And, of course, music is a 'cheap health option' / 'pacesetting' pump primer, so tinker (iTunes) away. We are, after all, here to stay. Whether it is acetylcholine or dopamine release patterns in synaptic clefts or cardiac muscle cells cascading firing messages and electrical impulses from the SA node via Purkinje Fibers, our open-loop nervous systems are so intimately connected with our external environments that we must take perceptive roles in monitoring and shaping how energy, stimuli, and stress influence our bodies mentally, physically, and emotionally.

Listen to your body. Engage your body's positive--musicophillic--responses to music and know that your brain cells and other neurons are firing in fractal patterns in response to sound energy from songs; as you listen to the music play, these fractal patterns permeate your entire physiology, creating healthy heart beats as well as improved moods and mental outlooks. Instead of turning to drugs and addictions as cheap 'pick me ups', turn to music to punctuate your mood for the day.

The best way to deal with the chronic, repetitive, and linear stresses of Junior Year in High School may be to enact a rigid, routinized modus operandi, moving from class to class in a highly ordered, predictable, and repeatable manner, but just remember that this type of response pattern has consequential negative health effects (hence the need to de-linearize the education system for the sake of people's health and development). Ultimately, linearity does not support personal (human) development because our thoughts, perspectives, skills, and abilities to make and find our ways in this world, in reality, develop and evolve in highly non-linear ways.

Just remember, it's a HeartBrain thing.

Let music reign.

To good health.


Note: This post does not discuss the 'genetic' risk factors for sudden cardiac death and reduced heart-rate variability. I respect the genetics perspective, but we really know so little about genetics, epigenetics, and the inseparable interactions of genes and environment that I prefer to hold off on this domain until more research is done. We are living in the 'postgenomic era'.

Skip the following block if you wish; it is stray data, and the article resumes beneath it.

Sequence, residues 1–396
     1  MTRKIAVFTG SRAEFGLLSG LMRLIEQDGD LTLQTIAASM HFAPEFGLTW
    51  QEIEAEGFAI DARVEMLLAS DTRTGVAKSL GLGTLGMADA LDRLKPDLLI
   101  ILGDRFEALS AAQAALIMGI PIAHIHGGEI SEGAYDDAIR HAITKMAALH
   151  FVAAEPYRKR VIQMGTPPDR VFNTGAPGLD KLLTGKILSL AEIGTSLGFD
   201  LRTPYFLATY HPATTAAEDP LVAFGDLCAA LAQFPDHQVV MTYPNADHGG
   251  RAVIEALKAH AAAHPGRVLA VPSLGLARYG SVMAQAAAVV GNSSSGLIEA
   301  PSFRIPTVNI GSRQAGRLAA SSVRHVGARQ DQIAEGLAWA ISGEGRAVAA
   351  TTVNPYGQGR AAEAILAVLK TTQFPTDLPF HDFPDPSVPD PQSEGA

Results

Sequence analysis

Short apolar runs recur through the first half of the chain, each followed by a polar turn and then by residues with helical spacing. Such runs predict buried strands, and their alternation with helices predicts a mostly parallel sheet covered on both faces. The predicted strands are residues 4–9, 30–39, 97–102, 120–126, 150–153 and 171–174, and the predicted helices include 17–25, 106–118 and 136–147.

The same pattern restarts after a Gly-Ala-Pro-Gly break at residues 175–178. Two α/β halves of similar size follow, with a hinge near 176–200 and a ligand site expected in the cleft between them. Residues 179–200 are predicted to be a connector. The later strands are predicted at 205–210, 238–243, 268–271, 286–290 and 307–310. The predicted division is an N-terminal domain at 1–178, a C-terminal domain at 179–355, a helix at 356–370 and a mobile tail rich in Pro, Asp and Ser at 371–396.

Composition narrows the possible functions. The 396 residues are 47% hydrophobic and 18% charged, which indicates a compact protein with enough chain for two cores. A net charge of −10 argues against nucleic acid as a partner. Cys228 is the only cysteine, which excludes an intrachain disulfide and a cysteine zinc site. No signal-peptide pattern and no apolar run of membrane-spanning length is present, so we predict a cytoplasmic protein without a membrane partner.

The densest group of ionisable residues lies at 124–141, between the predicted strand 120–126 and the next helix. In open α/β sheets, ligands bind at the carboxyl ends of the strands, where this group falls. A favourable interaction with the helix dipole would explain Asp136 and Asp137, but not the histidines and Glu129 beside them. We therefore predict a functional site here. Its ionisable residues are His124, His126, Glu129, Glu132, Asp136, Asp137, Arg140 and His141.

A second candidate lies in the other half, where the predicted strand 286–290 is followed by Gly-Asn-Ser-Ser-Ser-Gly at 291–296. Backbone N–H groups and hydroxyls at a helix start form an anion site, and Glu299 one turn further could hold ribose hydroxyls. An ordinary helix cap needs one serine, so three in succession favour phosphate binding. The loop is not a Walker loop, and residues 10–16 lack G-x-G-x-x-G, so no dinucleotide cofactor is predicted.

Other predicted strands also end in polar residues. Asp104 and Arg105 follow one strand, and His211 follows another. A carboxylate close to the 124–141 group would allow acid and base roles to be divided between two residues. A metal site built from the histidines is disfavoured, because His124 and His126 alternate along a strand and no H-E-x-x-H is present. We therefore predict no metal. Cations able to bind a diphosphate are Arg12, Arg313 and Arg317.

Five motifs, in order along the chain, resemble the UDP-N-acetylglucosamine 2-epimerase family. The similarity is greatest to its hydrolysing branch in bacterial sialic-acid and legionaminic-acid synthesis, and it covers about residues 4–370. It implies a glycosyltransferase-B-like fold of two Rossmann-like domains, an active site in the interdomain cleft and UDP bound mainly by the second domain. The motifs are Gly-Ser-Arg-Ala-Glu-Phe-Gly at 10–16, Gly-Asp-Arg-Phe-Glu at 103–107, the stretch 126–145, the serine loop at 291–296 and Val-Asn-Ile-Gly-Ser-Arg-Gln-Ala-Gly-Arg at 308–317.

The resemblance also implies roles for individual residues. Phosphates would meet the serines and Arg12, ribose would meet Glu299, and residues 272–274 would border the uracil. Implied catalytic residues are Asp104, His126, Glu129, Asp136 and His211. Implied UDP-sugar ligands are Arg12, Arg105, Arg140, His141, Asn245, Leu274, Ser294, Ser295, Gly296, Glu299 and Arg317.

2 comments:

  1. This is a great article Brent; I'm going to come back to it later cos there's a lot here, but I want to say in passing: I've known one or two people from China, and they have a very linear, chronically stressful way of working over there, probably even more so than in most places these days, and I believe you can see the impact writ large upon the individual. People there learn to behave in a machinelike fashion and it can really corrupt their thinking and give them a sickly, strung-out appearance. That's my subjective observation, anyway.

    I see the same thing among my own countrymen who are the 'get your head down and do what you're told' type. They lose something. They don't age well.

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  2. Thanks, G!

    Count me in as another person who has made observations that correlate with what you have seen with appearance and aging.

    The image of the 'head down' captures the result of linearizing forces well. We do best with our heads up, reading and reacting to the non-linear world around us: this prevents us from too much unhealthy drudgery where we beat ourselves up linearly.

    Our bodies thrive on multifractal symphonies. It's our job to be the conductors who make these healthy mathematics realities.

    Best,

    Brent